When internet dating first became a thing, I felt worried for those of you who had to use it. Like most new things, it seemed strange and dangerous. But now, it’s quite normal. And honestly, if I had to go back into the dating world, (God willing that never happens) I would use it, too. One could say I already do. Not for dating, of course, but for friendships.
I run this lovely website. Each day I talk to many women, mostly strangers I’ve met online from across the globe. Although we’ve never personally shaken hands or shared a cup of coffee, I know their stories quite well. They know mine, too. It’s a friendship much like an old fashioned Pen Pal from the early years, but this one convenes online.
2000 Leslie would have found these relationships quite odd. 2015 Leslie doesn’t know what she’d do without them.
I’ve grown close to many of these ladies throughout the past few years. But one writer, her name is Ashli, seems to be a long lost sister. I’m certain this friend could fit into my family with ease.
She said we’ve met before, back in the college days in the early 2000s, and she is friends with many of my old friends, too. But if we have met, I don’t remember. I was consumed with my own life and a hot boy turned husband back then and didn’t make time to focus on many friends.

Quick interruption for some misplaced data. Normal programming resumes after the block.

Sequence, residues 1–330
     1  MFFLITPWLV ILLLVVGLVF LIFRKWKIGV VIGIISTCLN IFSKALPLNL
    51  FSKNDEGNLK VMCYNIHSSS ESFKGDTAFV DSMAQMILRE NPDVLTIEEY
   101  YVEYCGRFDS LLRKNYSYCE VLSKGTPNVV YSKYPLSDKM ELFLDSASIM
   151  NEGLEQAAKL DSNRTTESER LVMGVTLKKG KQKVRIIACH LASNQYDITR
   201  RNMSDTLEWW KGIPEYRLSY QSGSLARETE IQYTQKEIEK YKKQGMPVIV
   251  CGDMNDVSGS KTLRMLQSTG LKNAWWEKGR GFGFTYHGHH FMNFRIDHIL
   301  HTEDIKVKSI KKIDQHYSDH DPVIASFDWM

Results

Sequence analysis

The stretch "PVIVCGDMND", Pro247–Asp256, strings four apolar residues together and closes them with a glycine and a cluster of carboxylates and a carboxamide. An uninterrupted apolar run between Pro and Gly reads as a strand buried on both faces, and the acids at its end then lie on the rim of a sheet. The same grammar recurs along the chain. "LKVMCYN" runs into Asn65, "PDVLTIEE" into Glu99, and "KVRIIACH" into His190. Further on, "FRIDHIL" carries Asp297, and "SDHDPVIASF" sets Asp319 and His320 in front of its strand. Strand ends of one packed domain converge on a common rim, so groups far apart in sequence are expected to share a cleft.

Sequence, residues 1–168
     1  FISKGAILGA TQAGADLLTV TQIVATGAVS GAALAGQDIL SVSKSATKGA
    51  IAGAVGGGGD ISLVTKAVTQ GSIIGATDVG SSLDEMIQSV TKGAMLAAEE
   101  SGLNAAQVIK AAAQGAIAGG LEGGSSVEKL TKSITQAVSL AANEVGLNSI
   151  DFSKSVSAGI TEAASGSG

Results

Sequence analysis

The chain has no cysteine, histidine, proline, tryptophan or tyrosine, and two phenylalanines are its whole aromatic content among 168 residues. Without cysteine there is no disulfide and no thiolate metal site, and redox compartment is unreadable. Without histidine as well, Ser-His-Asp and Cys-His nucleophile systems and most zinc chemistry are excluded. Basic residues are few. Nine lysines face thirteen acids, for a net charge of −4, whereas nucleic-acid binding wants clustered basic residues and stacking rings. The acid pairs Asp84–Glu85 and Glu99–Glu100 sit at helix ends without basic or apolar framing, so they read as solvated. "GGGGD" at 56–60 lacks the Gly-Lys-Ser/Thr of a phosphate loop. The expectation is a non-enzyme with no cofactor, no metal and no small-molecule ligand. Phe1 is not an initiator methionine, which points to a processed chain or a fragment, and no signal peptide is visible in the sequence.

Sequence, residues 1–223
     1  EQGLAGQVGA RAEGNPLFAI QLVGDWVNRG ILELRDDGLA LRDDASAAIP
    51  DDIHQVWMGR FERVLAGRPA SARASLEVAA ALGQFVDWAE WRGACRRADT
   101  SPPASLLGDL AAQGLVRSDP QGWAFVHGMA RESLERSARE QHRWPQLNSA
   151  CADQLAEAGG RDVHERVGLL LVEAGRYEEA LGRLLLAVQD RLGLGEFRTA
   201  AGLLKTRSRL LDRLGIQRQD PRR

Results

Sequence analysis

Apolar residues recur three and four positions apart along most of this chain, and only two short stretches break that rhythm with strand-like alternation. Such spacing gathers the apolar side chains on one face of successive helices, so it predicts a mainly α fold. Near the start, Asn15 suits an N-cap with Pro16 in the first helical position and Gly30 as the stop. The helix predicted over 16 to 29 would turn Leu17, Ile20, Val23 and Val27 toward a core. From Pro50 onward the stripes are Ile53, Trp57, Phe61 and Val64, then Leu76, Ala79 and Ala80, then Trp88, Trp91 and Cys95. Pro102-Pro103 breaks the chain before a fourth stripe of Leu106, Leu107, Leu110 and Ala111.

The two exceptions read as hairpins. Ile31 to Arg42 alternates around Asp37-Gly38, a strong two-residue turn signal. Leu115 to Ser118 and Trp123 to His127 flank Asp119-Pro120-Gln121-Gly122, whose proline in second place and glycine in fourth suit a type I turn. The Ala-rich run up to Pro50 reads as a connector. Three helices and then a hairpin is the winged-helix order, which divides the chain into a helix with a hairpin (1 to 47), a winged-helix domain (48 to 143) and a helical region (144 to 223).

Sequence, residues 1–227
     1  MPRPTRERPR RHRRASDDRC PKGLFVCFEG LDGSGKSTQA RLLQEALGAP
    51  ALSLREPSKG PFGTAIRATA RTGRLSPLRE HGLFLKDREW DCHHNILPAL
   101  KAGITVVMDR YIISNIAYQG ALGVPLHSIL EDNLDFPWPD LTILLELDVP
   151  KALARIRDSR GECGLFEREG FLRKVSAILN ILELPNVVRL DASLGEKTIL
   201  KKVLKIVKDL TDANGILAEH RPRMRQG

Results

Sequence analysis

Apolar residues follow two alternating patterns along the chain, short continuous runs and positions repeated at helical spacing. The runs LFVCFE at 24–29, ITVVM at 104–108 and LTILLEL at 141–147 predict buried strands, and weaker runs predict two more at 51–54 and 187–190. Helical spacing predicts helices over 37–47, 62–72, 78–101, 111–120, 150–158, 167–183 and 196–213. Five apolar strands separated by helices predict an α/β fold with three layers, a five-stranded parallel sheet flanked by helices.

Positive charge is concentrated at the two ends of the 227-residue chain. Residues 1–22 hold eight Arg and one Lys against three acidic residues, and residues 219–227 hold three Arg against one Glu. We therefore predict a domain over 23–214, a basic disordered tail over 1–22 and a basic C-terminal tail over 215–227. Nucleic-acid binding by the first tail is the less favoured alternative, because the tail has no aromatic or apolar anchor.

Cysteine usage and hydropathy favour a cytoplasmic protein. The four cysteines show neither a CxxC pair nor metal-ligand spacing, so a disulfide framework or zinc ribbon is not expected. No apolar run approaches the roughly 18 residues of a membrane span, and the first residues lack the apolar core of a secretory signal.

But now, life has changed. Some may call it coincidence, I call it fate. I believe God puts people into our lives for a reason. I can pinpoint moments in my life when people come and go and, over time, have been able to calculate the exact purpose of our relationship. Maybe I watch too many sappy Nicholas Sparks movies, or maybe I’m just an overly emotional woman, (probably both), but I know there is a reason for everything.
Our online friendship has grown throughout the months. I talk to her almost daily through social media chats. Sometimes it’s just to share a laugh or a complaint or a business idea. But lately, cancer has been the topic of choice.
“Leslie,” she told me a few weeks ago, “I need prayers. They say it might be cancer.”
I prayed at first, but it wasn’t out of fear, it was for peace that she’d soon know things would be just fine. No one gets cancer at the age of 33. That only happens in those Nicholas Sparks movies I know so well.
But then, the results came back. Cancer. My friend will need chemotherapy and radiation and a double mastectomy, at age 33. It hardly seems fair.
She’s going to win this battle, I am certain. And I believe along her journey, she’ll teach us all about faith, and love and friendship and humor and how to live a beautiful life.
She has hundreds of friends and on the day when she hears the words, “cancer free,” she’ll have hundreds more. That’s just the type of woman she is. She keeps thanking us, humbled by the gratitude of strangers. But I believe those of us lucky enough to cross paths with this woman, are the ones who should be thankful.
You should meet her, too. You don’t even need one of those friendship sites, nor do you need to live in the same town. Just fire up the ole’ internet, and you’ll find a friend waiting on the other side. And if you’re the praying type, she’s always accepting those as well.
To follow Ashli’s journey, find her online at www.babyonthebrehm.blogspot.com